This article is part of the supplement: Genetic Analysis Workshop 17: Unraveling Human Exome Data
Application of collapsing methods for continuous traits to the Genetic Analysis Workshop 17 exome sequence data
Division of Biostatistics, Washington University School of Medicine, 660 S. Euclid Ave., St. Louis, MO 63110, USA
BMC Proceedings 2011, 5(Suppl 9):S121 doi:10.1186/1753-6561-5-S9-S121Published: 29 November 2011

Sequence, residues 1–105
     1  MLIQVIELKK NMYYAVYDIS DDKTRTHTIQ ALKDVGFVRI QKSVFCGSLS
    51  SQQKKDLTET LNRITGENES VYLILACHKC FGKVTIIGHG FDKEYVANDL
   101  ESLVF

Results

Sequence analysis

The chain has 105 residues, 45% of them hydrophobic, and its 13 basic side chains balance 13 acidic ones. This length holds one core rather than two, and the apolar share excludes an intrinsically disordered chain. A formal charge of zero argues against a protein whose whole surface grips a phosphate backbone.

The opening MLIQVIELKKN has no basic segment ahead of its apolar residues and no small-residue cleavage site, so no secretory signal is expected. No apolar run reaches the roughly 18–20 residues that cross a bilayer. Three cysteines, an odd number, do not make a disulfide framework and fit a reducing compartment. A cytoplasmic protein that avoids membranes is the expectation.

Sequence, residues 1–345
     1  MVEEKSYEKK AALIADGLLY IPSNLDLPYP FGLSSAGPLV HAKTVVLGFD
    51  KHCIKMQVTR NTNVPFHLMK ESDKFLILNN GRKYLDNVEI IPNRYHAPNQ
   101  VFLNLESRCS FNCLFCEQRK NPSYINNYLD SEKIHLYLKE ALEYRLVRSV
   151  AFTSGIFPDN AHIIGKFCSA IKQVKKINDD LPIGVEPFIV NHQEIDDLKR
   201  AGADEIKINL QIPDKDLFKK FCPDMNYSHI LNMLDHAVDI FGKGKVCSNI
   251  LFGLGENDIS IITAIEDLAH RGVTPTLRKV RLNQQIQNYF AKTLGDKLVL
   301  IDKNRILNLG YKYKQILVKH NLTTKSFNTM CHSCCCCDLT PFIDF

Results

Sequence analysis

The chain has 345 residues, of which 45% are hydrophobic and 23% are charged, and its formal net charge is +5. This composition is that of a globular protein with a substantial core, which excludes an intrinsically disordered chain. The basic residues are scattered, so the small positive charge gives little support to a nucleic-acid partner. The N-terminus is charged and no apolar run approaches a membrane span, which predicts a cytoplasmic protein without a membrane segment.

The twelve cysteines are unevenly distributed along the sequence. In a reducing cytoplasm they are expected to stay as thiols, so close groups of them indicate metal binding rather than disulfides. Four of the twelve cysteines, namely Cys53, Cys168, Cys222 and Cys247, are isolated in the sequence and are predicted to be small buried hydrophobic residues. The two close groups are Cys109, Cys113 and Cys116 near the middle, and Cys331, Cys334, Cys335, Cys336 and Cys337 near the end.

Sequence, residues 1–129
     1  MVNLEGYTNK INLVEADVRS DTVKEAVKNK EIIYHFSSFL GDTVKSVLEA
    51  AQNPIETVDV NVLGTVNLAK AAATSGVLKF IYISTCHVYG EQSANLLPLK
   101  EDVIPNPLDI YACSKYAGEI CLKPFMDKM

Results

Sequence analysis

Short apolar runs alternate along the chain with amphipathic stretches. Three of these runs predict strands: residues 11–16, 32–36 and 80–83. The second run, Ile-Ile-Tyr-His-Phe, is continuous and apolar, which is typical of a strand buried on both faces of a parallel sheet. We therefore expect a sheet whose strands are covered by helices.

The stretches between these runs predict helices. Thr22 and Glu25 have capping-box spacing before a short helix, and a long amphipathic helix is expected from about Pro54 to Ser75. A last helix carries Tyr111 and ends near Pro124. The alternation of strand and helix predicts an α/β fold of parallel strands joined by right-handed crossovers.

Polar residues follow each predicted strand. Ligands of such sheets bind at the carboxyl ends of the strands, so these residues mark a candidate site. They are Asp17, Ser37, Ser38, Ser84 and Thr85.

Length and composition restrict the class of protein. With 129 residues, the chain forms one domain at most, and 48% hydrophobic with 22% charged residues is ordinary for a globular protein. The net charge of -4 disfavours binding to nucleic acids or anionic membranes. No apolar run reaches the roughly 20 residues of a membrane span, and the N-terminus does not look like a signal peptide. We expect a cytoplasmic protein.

Genetic Analysis Workshop 17 used real sequence data from the 1000 Genomes Project and simulated phenotypes influenced by a large number of rare variants. Our aim is to evaluate the performance of various collapsing methods that were developed for analysis of multiple rare variants. We apply collapsing methods to continuous phenotypes Q1 and Q2 for all 200 replicates of the unrelated individuals data. Within each gene, we collapse (1) all SNPs, (2) all SNPs with minor allele frequency (MAF) < 0.05, and (3) nonsynonymous SNPs with MAF < 0.05. We consider two tests when collapsing variants: using the proportion of variants and using the presence/absence of any variant. We also compare our results to a single-marker analysis using PLINK. For phenotype Q1, the proportion test for collapsing rare nonsynonymous SNPs often performed the best. Two genes (FLT1 and KDR) had statistically significant results. A single-marker analysis using PLINK also provided statistically significant results for some SNPs within these two genes. For phenotype Q2, collapsing rare nonsynonymous SNPs performed the best, with almost no difference between proportion and presence tests. However, neither collapsing methods nor a single-marker analysis provided statistically significant results at the true genes for Q2. We also found that a large number of noncausal genes had high correlations with causal genes for Q1 and Q2, which may account for inflated false positives.